Defining success with today’s kids involves the usual triumvirate of grades-sports-extracurricular activities. Using that criteria, I’d say that most of the kids in my city are successful (and usually by age 10).
But are we using the right measuring sticks?
I had the good fortune to sit for a parenting workshop at my kids’ middle school last night. The speaker, Keith Hawkins, talked about success and our role as parents in our kids’ quest for excellence. As I prepared myself for the usual spiel about striving for perfection and working 1% harder than everyone else, something extraordinary happened: Mr. Hawkins completely challenged our definition of success.
Using clever tools like a rousing game of Simon Sez, Mr. Hawkins set out to illustrate how we are involved, but not committed, parents (the exercise forced us to admit that we were not actively listening…hard to illustrate here but it worked). His theory is that while we show up for their games and drive them to and from school every day, we’re just going through the motions. We look at our kids’ success as one-dimensional. If the report cards show A’s and B’s, we call them successful. If they out-score all the other kids on the soccer field, we call them successful. If they tick off all the college entry requirements, we call them successful. The parents sitting in my section (including myself) nodded their agreement as Mr. Hawkins listed these ‘success’ barometers. Then, he dropped the bomb:
These are all important, but who did they help today?
Mr. Hawkins’ theory is that today’s kids lack empathy because they are too busy striving for the goals and objectives their parents advocate. They’ve become inwardly focused, basing their success on their accomplishments alone.
And we support this. In fact, we encourage it.
He proceeded to relate this theory to real life situations, observing that the kids who choose to put their heads down and plow through life are missing the very essence of why they were put here in the first place: to build character. To pay it forward. We place importance on external goals that expire. The fact is, they probably won’t be playing soccer their entire lives, and their school careers will end after college. So how important is getting good grades and scoring goals? Are those things more important than having a positive impact on others? Doesn’t your character come with you and stay with you until the day you die? Should we not, then, be focusing most of our energy on that?
I’ve asked the question many times: what defines success? Is it getting into a good college? Then what? Is it getting a good job? The fact is, human relationships and the love and support we give and receive serve as the foundation for any ‘success’ we might have in life. It’s not much fun being a billionaire if you have no one to share it with. Your kid got into Harvard? Will he use that opportunity to give something back to society or will he simply continue to use his ‘success’ for his own personal gain?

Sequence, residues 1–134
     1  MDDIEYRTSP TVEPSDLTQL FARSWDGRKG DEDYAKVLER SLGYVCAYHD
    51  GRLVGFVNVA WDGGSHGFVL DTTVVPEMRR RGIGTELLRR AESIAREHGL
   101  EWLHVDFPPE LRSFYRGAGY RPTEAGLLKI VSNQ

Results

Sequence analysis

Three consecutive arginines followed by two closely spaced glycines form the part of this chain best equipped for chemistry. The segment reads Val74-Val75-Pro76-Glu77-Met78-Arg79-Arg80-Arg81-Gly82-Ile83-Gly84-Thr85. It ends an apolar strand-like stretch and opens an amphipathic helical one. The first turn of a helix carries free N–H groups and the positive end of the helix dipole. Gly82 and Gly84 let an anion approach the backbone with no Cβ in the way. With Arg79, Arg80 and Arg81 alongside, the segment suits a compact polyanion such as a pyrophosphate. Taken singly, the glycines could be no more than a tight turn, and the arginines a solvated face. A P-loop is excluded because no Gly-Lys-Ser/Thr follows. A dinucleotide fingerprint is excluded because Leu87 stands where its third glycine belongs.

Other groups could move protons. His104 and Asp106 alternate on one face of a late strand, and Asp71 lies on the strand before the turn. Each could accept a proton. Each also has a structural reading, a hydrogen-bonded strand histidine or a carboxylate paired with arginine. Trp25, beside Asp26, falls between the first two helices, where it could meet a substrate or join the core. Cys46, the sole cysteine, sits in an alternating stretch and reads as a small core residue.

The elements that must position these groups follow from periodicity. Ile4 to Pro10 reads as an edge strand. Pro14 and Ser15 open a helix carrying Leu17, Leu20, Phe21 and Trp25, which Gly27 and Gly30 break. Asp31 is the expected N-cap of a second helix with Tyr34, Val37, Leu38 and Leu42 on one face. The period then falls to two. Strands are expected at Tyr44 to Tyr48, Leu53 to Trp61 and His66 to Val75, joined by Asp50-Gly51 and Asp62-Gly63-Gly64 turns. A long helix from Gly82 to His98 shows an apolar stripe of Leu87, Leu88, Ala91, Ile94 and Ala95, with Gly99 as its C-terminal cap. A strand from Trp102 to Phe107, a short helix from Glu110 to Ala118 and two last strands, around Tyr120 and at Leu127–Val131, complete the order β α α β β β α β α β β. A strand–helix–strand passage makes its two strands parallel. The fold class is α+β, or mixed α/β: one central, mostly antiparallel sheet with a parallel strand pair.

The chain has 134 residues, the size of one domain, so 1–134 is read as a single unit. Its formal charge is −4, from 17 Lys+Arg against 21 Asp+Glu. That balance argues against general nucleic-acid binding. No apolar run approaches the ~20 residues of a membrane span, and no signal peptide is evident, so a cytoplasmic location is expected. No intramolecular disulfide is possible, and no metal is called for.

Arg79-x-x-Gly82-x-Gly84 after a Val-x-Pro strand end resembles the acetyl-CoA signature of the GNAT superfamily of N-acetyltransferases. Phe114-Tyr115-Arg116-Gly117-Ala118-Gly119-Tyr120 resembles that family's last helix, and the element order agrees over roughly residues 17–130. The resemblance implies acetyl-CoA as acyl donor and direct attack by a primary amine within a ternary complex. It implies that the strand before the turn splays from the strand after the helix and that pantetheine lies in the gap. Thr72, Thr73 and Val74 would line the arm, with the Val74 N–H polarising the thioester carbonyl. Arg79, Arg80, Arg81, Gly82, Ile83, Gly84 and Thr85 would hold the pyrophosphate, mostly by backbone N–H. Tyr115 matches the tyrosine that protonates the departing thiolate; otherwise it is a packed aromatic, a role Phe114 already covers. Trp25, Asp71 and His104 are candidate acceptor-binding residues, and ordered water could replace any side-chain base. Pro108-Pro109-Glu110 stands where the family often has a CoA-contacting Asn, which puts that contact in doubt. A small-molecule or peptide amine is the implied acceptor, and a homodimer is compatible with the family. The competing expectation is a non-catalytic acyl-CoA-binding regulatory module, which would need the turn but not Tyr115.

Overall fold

Mr. Hawkins believes that our kids are a product of their environments, which means we have to do some honest-to-goodness soul-searching. What kind of example are we setting with our own behavior? If someone is in distress, do we avert our eyes and keep walking? Do we gossip about the neighbors within earshot of our kids? Are we exhibiting empathy and concern in our daily lives or are we too busy checking our smartphones and complaining about how tired we are? Do we swiftly and decisively put a stop to our kids’ inappropriate behavior?
I’m certainly guilty of parenting while distracted. It takes a lot of effort to stay plugged in and everyone is tired. Maybe you’re on board with this whole concept, but now you’re asking – where do I start? Mr. Hawkins suggests changing up the usual after-school dialogue from ‘how was your day?’ to ‘who did you help today?’ This is a great first step for you and your child to re-direct the focus to others – to helping.
I don’t know about all of you, but I want to raise kids that give a crap about someone other than themselves. I’m a big believer that in life we have Aha! moments (this is literally the only thing I have in common with Oprah). It’s what we do with those moments that counts. Mr. Hawkins’ workshop was an Aha! moment for me. I intend to apply some of what I learned to my parenting strategy.
Pay it forward. Transform your kids into little ambassadors of kindness.The world needs more positive energy.
If you would like more information on Keith Hawkins, visit his website at www.keithhawkins.com. He travels the country speaking to students and parents, spreading his message of kindness and character. I’m a fan – thanks, Keith!